Assessing Risk to Guide First-Line Treatment Selection in DLBCL

DLBCL expert Matthew Lunning, DO, describes risk assessment in patients with DLBCL and how it informs first-line treatment choice.

Matthew Lunning, DO: When describing the risk factors for this individual’s lymphoma, one would be her advanced age, marching down the IPI [International Prognostic Index] score, greater than 60. Also, the staging of her disease. She had advanced stage disease with involvement of the bone marrow and likely involvement of the spleen, given that it was enlarged despite there being no avid bone lesions. I would consider doing bone marrow aspirates even if there’s no avid bone lesions in a patient who has anemia at the time of diagnosis. She also had an elevated LDH [lactate dehydrogenase]as well as extranodal sites of disease in the bone marrow biopsy and potentially spleen. In that regard, her performance status was acceptable at the time of diagnosis, so that would make her IPI score a 4 at this point.

Another part about the risk of her assessment of her diffuse large B-cell lymphoma is where she was treated. She was well at this time. Many times, patients treated as inpatients because the diffuse large B-cell lymphoma is making them sick or compressing the airways, may portend a worse overall outcome, as well as the time needed between diagnosis and treatment. Those patients who are started sooner may have overall, at least the literature has shown, they have a little better prognosis than if it takes weeks before you initiate therapy. I have used prognostic factors of the IPI as well as the FISH [fluorescent in situ hybridization]characteristics. If this individual had a double-hit lymphoma, meaning…a high-grade B-cell lymphoma harboring MYC and BCL2 or BCL6 rearrangements, I would consider that a potentially high-risk biologic feature. And in this case, if the patient is felt to be able to tolerate anthracycline-based therapy, I would discuss using dose-adjusted EPOCH-R [etoposide, prednisone, vincristine, cyclophosphamide, doxorubicin, rituximab] in this setting, noting that I would dose adjust based upon hematologic and systemic tolerance.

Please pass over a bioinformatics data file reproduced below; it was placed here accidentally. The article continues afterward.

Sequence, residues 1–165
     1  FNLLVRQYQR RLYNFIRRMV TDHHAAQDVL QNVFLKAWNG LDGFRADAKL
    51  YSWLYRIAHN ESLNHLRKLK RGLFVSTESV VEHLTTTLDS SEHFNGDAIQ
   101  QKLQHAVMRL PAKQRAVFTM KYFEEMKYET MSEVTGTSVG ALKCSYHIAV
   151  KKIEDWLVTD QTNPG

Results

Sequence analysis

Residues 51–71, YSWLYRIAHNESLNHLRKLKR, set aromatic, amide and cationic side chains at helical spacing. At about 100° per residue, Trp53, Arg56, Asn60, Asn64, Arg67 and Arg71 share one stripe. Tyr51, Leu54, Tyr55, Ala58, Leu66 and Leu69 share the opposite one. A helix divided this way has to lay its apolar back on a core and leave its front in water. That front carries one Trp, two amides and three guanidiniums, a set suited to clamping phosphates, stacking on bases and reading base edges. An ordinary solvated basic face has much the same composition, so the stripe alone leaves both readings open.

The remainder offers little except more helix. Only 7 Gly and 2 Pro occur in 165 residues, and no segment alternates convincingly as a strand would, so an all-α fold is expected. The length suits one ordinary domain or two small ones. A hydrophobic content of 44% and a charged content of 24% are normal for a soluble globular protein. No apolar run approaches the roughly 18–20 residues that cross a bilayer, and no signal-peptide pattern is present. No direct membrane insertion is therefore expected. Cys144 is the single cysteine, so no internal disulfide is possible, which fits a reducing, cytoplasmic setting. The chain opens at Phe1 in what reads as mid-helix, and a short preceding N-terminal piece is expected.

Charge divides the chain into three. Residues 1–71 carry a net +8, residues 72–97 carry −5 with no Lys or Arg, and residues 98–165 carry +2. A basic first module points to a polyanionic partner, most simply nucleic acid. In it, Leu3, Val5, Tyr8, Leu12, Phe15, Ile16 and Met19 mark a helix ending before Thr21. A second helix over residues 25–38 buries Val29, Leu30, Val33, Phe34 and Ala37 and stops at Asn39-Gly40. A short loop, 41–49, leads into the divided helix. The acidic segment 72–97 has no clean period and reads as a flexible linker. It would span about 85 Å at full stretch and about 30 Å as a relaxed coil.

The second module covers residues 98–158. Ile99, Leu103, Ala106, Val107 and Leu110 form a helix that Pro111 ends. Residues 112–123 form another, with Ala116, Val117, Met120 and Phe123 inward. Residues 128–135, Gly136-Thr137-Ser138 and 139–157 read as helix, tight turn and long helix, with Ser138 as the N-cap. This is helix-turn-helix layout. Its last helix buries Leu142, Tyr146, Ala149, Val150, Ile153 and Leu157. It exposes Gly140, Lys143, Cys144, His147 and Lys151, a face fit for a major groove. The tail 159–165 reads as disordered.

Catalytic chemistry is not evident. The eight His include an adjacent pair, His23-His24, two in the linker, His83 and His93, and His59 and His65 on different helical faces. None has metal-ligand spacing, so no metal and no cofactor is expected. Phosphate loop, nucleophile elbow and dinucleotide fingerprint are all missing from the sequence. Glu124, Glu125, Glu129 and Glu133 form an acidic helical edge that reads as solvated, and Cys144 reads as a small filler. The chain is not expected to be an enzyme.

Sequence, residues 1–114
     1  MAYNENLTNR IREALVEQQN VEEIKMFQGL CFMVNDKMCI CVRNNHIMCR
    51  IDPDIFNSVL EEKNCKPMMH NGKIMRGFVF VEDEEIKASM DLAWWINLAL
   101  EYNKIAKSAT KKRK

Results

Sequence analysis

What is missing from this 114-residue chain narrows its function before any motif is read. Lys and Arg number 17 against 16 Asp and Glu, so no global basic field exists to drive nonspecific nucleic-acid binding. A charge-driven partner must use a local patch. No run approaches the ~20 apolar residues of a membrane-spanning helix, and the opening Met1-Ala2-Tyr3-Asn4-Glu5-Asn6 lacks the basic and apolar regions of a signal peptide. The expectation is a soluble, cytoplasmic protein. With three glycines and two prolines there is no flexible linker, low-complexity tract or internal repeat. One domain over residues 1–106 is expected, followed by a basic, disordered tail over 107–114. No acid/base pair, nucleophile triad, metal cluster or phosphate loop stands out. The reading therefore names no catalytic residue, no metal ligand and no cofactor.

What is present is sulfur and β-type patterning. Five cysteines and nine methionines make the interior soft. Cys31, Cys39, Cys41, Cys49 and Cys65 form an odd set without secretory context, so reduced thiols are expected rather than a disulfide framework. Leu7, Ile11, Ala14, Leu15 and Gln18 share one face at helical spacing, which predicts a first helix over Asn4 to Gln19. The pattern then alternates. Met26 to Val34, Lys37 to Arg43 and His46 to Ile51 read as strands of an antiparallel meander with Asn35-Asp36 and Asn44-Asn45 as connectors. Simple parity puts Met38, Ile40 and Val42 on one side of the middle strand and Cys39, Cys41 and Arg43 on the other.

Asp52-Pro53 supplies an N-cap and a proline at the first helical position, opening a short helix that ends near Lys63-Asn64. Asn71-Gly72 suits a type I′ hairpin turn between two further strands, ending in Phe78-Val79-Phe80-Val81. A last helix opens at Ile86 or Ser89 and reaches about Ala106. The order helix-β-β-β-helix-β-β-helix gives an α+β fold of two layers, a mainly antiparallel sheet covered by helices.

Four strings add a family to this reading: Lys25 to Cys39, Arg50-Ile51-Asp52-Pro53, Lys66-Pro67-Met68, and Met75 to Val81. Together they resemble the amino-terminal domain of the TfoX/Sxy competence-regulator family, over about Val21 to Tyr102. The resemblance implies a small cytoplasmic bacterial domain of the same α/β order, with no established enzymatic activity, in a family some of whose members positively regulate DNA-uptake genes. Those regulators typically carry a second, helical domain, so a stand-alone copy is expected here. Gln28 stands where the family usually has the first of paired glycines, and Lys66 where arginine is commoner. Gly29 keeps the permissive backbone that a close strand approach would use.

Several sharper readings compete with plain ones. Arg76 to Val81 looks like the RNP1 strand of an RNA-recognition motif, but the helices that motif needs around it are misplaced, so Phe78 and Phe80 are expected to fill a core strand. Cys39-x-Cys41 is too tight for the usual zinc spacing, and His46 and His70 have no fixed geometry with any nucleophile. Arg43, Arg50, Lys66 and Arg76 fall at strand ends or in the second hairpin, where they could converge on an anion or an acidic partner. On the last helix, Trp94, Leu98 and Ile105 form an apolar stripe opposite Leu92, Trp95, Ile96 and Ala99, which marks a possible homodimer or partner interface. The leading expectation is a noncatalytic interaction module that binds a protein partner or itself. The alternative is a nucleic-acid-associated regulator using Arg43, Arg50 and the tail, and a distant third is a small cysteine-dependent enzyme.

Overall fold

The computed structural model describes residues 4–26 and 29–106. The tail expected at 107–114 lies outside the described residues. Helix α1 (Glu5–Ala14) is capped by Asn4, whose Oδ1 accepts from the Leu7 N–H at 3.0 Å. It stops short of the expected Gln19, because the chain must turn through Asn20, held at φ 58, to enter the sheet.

There are certain caveats regarding frontline therapy given that R-CHOP [rituximab, cyclophosphamide, doxorubicin, vincristine, prednisone] vs dose-adjusted EPOCH-R [etoposide, prednisone, vincristine, cyclophosphamide, doxorubicin, rituximab] are my 2 standard regimens. If I do have time to wait for the molecular testing to come back, I would consider waiting to see whether I’m going to start R-CHOP [rituximab, cyclophosphamide, doxorubicin, vincristine, prednisone] or dose-adjusted EPOCH-R [etoposide, prednisone, vincristine, cyclophosphamide, doxorubicin, rituximab]. Often if the patient is mildly symptomatic, I may use a prephase-like therapy with prednisone for 100 mg for 5 days. I haven’t classically introduced vincristine into that, which I know was the original prephase. Also, there can be some insight into whether there’s potentially a double hit based upon if your pathologists are able to do MYC expression. If there’s high MYC expression, high Ki-67, then it may portend that this could be a MYC-altered diffused large B-cell lymphoma from that standpoint.